Posted on 04/21/2017 at 07:58 AM by Liz Determan

Spring has sprung! The tulips and daffodils are blooming! The yards are green! The birds are singing! We have had a long period of time in which we and/or our students have been indoors, so it is now time to really engage in those outdoor learning experiences or nature walks.

Do you have a garden in or outside your classroom? Is there a space for you and your students to put a few flower pots in your outdoor space or how about putting them at the entrance of your school? Growing plants is an excellent way for children to learn about seeds and how they grow as well as what a seed needs in order to grow, but what else can we learn from growing plants. Some potential other topic areas could be animals that assist or help plants grow, water needs of plants, different ways to build soil (adding things that help the plants grow better or stronger), and many other items around how to garden.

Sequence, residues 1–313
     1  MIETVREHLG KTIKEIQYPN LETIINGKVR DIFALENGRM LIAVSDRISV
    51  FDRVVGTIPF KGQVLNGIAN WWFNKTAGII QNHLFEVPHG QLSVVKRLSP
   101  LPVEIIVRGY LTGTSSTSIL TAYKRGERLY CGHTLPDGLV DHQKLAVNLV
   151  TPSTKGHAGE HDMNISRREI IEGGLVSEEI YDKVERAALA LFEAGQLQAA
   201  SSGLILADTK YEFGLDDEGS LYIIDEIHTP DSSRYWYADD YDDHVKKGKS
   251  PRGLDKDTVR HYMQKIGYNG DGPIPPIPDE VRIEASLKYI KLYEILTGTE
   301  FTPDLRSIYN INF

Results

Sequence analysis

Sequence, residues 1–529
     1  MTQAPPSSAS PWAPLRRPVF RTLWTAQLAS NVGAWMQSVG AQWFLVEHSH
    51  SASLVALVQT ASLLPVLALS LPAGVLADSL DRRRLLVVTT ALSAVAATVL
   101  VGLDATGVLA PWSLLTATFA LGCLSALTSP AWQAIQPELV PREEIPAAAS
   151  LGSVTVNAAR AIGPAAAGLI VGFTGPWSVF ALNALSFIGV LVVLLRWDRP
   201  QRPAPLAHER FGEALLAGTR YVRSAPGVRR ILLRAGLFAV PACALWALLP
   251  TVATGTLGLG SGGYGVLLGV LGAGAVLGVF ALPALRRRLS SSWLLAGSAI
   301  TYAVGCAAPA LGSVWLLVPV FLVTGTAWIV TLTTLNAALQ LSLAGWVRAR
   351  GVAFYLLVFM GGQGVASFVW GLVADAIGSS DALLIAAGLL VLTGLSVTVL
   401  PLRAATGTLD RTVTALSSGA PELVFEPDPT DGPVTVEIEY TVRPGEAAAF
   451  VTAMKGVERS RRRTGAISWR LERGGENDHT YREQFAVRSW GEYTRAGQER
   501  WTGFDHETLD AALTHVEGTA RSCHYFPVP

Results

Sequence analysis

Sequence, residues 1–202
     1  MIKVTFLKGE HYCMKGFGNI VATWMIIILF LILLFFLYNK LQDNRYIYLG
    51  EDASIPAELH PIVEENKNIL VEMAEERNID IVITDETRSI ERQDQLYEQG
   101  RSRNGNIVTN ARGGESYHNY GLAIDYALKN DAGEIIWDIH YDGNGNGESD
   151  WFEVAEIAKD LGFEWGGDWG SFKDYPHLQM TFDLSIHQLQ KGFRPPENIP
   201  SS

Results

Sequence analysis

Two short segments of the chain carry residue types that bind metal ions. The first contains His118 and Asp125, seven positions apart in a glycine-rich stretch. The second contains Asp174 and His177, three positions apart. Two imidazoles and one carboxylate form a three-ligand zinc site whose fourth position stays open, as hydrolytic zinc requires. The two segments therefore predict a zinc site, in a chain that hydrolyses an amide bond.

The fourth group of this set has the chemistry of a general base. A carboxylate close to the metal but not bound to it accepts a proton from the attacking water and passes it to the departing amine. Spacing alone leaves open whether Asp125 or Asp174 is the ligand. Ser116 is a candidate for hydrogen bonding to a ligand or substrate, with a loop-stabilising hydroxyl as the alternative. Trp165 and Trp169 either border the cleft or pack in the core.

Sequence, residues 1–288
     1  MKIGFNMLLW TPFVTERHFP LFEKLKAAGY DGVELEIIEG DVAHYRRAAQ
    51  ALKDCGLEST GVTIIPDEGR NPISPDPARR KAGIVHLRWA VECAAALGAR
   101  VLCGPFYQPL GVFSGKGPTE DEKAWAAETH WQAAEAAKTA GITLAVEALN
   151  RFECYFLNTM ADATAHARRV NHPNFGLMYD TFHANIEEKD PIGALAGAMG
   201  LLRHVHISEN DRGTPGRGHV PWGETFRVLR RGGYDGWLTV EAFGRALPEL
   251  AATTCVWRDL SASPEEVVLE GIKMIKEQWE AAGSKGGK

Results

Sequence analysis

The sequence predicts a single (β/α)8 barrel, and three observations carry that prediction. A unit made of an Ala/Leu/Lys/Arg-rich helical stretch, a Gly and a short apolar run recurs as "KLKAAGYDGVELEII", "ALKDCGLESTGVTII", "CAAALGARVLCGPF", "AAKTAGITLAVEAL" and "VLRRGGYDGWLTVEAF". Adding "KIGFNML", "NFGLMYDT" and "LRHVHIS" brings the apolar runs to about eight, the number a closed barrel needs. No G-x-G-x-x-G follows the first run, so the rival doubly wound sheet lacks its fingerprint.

Children engaged in outdoor planting tend to be more engaged/focused and in some research have shown a “calmer demeanor” during these explorations (from research synthesis discussed in “Last Child in the Woods (by Richard Louv). Engaging with local Master Gardeners (in Iowa, this is run through ISU Extension), local college Horticulture students, local school district FFA or Horticulture students or parents who are gardeners to help aid in developing outdoor gardens and doing some specific learning activities around gardening. One program also did “fall planting” by planting tulips in their play area and they saw a more immediate garden arise after the snow melt. Keep exploring many options for enhanced outdoor learning through gardening!

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